OK, I'll admit it. None of us are investment gurus and we haven't made (or lost) millions playing the stock market. However, we've been asked a few times to work on projects related to automated trading systems and these are some of the books we found most interesting or useful in understanding the problems involved. Click on the titles to see reviews by other people and other information from your local Amazon.
If you can survive reading the title, this book is actually an anecdotal history of the Kelly Criterion — a formula which identifies how much should be wagered on a risky undertaking. A surprising cast of characters is involved, from underworld figures to physicists and mathematicians, and from 1738 (not a misprint) to the present day.
This isn't a mathematical enough treatment for me, but it's well worth reading to find out how people have tried and succeeded (or failed) in exploiting Kelly's (and Bernoulli's) work.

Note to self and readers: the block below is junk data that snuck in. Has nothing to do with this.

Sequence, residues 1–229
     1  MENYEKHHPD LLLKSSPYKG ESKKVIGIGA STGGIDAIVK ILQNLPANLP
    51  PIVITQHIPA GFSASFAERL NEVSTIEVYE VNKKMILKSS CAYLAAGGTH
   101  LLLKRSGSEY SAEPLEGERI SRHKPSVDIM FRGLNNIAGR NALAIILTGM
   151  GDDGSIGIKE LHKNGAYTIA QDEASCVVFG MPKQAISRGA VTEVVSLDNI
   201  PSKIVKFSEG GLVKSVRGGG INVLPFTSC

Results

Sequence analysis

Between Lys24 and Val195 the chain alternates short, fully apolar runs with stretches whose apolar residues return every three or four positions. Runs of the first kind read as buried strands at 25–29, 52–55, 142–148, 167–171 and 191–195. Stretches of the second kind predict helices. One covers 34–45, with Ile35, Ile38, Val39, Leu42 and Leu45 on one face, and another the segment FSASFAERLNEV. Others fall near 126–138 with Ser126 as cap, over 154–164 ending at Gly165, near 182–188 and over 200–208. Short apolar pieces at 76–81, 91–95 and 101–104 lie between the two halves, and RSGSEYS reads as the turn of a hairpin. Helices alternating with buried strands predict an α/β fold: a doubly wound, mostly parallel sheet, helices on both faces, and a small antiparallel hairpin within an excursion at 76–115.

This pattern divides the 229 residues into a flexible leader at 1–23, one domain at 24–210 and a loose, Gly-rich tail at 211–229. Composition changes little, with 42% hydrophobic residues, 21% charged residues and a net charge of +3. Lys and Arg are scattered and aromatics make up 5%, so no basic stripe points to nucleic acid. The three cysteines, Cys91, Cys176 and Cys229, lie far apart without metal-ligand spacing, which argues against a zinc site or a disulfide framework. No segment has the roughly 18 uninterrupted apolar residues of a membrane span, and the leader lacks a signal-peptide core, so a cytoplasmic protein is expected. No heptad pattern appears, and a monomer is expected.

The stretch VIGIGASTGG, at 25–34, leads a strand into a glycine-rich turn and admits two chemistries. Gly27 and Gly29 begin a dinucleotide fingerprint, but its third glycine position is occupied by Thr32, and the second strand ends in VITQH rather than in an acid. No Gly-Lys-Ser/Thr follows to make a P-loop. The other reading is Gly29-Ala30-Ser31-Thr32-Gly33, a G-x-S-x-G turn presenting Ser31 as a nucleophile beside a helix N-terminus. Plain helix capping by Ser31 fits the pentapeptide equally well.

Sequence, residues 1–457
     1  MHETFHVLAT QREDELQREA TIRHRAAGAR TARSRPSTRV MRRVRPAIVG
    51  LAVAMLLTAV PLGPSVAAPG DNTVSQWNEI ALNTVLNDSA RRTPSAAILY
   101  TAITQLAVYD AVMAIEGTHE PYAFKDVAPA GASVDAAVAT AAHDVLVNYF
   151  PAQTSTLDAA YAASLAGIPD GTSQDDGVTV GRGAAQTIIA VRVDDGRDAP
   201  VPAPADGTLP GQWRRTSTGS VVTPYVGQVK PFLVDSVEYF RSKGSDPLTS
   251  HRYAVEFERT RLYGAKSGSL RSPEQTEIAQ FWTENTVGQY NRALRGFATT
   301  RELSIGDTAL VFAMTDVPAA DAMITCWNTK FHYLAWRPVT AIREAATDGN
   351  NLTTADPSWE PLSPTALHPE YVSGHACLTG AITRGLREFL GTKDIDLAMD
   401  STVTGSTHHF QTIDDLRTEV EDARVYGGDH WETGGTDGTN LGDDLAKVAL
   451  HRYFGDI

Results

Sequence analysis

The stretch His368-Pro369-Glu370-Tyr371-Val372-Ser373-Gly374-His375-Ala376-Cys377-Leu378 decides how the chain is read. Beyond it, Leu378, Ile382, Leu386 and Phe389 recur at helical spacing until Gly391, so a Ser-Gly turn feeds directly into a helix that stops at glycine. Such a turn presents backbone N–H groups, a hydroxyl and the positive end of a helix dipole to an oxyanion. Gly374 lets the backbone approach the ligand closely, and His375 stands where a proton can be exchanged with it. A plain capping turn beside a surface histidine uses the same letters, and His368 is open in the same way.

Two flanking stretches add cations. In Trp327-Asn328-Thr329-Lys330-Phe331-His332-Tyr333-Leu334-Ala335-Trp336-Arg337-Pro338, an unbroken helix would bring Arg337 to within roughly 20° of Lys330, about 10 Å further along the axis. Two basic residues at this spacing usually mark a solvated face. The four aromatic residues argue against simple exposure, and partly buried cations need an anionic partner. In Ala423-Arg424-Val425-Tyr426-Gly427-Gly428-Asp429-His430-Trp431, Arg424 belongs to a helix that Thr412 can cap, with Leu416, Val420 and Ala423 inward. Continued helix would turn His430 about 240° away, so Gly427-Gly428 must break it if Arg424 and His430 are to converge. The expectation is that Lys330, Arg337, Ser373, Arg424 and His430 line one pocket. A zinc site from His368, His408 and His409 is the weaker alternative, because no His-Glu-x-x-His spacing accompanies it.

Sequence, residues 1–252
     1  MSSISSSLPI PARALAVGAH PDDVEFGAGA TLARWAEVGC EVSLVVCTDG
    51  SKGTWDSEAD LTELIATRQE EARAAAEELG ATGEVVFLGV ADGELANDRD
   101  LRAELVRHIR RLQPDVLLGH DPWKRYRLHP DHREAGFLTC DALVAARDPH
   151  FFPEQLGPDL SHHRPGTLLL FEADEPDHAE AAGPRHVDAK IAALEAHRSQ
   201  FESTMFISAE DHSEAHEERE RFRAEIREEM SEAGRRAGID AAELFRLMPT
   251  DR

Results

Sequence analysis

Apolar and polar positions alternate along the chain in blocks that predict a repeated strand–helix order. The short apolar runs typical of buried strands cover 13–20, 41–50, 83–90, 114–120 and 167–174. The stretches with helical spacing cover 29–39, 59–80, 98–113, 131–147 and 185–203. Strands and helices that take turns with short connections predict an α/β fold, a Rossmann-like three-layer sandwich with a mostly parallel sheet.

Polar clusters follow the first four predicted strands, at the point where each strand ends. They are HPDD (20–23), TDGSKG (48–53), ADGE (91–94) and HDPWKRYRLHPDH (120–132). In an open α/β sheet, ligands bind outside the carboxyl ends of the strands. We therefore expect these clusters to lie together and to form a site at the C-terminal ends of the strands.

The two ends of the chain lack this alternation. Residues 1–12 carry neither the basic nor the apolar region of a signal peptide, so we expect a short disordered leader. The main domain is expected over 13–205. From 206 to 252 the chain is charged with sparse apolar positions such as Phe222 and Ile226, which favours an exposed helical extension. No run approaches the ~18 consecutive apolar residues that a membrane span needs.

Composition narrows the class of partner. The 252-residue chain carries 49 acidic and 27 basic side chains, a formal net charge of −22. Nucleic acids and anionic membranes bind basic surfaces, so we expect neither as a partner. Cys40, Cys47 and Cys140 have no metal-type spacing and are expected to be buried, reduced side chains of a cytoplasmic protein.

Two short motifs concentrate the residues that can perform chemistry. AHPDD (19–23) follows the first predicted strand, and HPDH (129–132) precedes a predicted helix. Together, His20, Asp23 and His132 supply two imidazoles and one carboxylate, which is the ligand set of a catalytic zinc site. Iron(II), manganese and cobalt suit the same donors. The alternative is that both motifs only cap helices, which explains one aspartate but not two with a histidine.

(If you need to play around with numbers, the Kelly Calculator may be useful.)
If you've ever dreamed of creating a computer system to beat the bookies or the stock market (and who hasn't?) then Steven Skiena's book is for you. Skiena describes his own (and his team's) efforts to create an automated system which would place winning bets on jai alai, a Basque game which is also played in parts of France and some cities in North America. The book describes the game itself (a game with similarities to tennis, squash and rugby fives), the convoluted methods by which tournaments are held (a sort of round robin) and the pari-mutuel gambling system which is used to place bets on the outcome.
To create the perfect system, Skiena and his team needed to model the tournament structure, the effects of player skill on match outcomes,and (since this the odds are offered using a pari-mutuel system) the betting habits of the general public. They then needed to identify bets which would (on average) be profitable.